- Difficulty swallowing
- Sexual and erectile dysfunction or inability to achieve orgasm
If you or someone you know is experiencing any of these symptoms, it is important to call 911 or take the person to the nearest emergency room. Since some of these symptoms are life-threatening, it crucial to know exactly what and how much the person has taken if at all possible.
What Are the Long-Term Effects?
Long-term side effects may build up slowly over time as cocaine damages the brain. Side effects caused by extended use include:
- Cognitive difficulties, such as trouble thinking, reduced reaction times, disruption of attention and problems with memory
- Alteration of the structures of nerve and brain cells
- Changes to the electrical impulses in the hippocampus, amygdala and frontal cortex, which can increase cravings for cocaine
- Prolonged, and even permanent, alteration of the genes’ activation and deactivation mechanisms as well as other genetic abnormalities
- Heart disease and heart failure
- Lung or stomach cancer
- Increased risk of overdose
- A tolerance to the drug, causing the user to increase dosages and frequency of use
The vast majority of these short- and long-term issues occur because of the alteration to the brain’s structure, electrical impulses and chemistry. If these side effects are occurring, managed withdrawal, drug rehabilitation and long-term care may all be necessary. Keep in mind that such help is only a phone call or mouse click away.
There are both physical and mental signs that indicate a cocaine overdose. If these occur, it is important to call 911 immediately because life-saving interventions are often necessary. The physical symptoms of an overdose include:
- A sudden rise in body temperature
- Breathing problems ranging from shortness of breath to respiratory arrest
- Chest pain that may or may not be indicative of a heart attack
- Confusion and disorientation or a fugue state (feeling disconnected from reality)
- Severe nausea and stomach cramps
- Tremors or convulsions
The mental and cognitive effects of overdose include:
- Anxiety and extreme paranoia
- Delirium (confusion, severe cognitive impairments and lack of awareness of one’s surroundings)
- Panic attacks
An overdose is one of the strongest indicators that a substance use disorder has gotten out of control. Despite these symptoms, though, there are treatments available that can restore a person’s health and sobriety even after an overdose.
Cocaine Withdrawal Symptoms
When someone decides to get clean from cocaine or it is no longer available to them, withdrawal occurs, especially if the person has been using for an extended period. It is important to know that cocaine withdrawal, unlike most substances, often causes no visible physical symptoms, such as rashes or vomiting. Symptoms of withdrawal include:
- Aches and general, full-body discomfort
- Agitation and irritability
- Fatigue and muscle weakness
- Increase in appetite
- Nightmares, especially vivid dreams
- Lethargy and slow movements when completing tasks
Even though these symptoms may not seem severe, they represent the brain chemically responding to not having cocaine. As a result, these symptoms may become severe enough to warrant medically assisted withdrawal. This involves a short stay in a hospital or clinic (usually no more than a week). A doctor may prescribe you medication to ease withdrawal symptoms. Nurses will also monitor your vital signs around the clock until the withdrawal symptoms have abated. Medically managed withdrawal is often the first practical step in drug rehabilitation.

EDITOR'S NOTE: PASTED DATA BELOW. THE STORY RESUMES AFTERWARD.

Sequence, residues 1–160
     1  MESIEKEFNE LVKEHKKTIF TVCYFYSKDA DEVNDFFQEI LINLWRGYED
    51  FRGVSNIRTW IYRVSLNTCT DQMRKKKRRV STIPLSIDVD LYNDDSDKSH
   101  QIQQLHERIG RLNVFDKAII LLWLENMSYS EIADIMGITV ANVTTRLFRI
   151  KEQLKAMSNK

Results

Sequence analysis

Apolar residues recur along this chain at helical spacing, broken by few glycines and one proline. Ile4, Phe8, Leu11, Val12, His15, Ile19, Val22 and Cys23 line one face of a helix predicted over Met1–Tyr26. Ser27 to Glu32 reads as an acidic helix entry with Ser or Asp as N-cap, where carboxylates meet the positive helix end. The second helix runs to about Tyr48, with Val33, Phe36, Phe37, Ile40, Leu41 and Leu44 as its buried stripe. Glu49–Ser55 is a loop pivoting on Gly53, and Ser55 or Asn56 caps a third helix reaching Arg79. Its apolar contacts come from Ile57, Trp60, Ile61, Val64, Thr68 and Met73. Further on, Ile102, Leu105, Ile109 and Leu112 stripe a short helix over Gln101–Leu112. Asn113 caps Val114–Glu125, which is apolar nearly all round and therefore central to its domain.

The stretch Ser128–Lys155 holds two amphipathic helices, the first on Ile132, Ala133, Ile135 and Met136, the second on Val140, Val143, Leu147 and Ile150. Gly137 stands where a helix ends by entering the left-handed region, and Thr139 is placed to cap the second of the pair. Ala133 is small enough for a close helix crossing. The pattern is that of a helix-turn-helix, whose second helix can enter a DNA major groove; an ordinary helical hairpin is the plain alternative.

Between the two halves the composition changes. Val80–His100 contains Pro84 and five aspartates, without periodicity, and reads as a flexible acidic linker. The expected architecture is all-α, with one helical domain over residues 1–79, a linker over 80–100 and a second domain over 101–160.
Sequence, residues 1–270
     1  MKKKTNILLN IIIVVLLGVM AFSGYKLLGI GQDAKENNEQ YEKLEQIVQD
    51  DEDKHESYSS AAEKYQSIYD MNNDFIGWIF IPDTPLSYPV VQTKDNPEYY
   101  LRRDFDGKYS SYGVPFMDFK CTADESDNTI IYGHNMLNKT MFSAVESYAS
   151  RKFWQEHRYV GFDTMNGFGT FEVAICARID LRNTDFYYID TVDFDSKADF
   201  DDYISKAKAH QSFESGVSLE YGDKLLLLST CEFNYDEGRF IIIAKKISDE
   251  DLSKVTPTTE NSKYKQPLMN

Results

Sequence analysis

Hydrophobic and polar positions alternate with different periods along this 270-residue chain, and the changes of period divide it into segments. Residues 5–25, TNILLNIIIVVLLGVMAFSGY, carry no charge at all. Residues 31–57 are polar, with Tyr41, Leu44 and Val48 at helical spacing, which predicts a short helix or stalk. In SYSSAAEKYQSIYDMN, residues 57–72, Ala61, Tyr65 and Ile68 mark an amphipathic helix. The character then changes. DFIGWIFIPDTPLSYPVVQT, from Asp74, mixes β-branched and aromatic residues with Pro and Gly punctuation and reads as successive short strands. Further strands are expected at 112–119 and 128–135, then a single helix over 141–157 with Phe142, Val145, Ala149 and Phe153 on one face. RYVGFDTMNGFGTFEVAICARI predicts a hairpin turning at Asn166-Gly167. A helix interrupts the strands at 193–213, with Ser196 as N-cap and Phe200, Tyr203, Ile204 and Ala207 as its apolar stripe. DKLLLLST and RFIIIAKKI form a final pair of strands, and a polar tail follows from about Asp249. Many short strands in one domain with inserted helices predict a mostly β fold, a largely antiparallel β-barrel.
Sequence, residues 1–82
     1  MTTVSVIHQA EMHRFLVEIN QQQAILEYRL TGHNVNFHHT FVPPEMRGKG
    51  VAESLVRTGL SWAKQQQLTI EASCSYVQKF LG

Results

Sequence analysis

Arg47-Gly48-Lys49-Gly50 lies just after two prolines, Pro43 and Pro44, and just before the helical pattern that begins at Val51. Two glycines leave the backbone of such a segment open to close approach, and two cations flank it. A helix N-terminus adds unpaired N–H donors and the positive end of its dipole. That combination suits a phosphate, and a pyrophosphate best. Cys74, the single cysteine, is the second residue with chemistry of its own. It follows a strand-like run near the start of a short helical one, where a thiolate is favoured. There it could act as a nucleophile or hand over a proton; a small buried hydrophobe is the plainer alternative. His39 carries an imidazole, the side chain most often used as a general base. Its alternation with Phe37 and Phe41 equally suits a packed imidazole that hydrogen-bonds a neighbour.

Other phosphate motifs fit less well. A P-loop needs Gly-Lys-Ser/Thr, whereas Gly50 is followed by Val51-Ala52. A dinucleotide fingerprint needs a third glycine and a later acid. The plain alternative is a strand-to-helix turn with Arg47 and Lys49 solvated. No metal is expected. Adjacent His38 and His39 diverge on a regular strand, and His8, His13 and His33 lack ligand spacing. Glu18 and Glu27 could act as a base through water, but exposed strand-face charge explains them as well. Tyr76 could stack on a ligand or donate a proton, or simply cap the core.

Another less intensive form of treatment is medical detoxification (usually referred to as “detox”). It first involves an evaluation by a doctor or other medical professional. Next, stabilizing treatment occurs, so the person is best positioned to go through withdrawal as easily as possible. Next, options for treatment are explored and arranged to help the person attain and maintain sobriety. Granite Recovery Centers provides medical detoxification for people who do not need immediate medical intervention, are not a danger to themselves, and are capable of self-evacuation in the event of an emergency.
There Are Many Options for a Better, Healthier Life
No matter how devastating the effects of cocaine are on the brain, hope is immediately available, and a healthier life is on the horizon. Granite Recovery Centers offer a broad range of treatments and facilities in the Northeastern United States.
Our many treatment options include medically assisted withdrawal and detox as described above. There are also many alternatives. Residential rehabilitation centers (often referred to as “rehab”) are available 24 hours a day, 365 days a year. During a stay that lasts between two weeks and 60 days, several comprehensive approaches are used, including 12-step programs, one-on-one and group counseling, exercise, meditation, art therapy, and after-rehab care.
If a stay in a peaceful, secluded residential facility is not feasible, there are still other options. Inpatient treatment programs, which usually involve a hospital stay, medically managed withdrawal (if necessary) and therapy-based programs, are available in most major cities when travel is not an option. If work schedules are a concern, intensive outpatient treatment programs are available. These highly discreet programs take place in the evenings and on weekends after regular work hours. Intensive outpatient treatment offers many of the options of residential facilities and inpatient programs. Program lengths are often shorter than the previously mentioned alternatives.
Regardless of how long you have used cocaine, your personal needs or your schedule, places like Granite Recovery Centers are only a phone call away. While cocaine is a powerful drug, finding the right program will put you on the road to sobriety and prove that you can be stronger than any substance. Call us at GRC today to start the journey to a better life.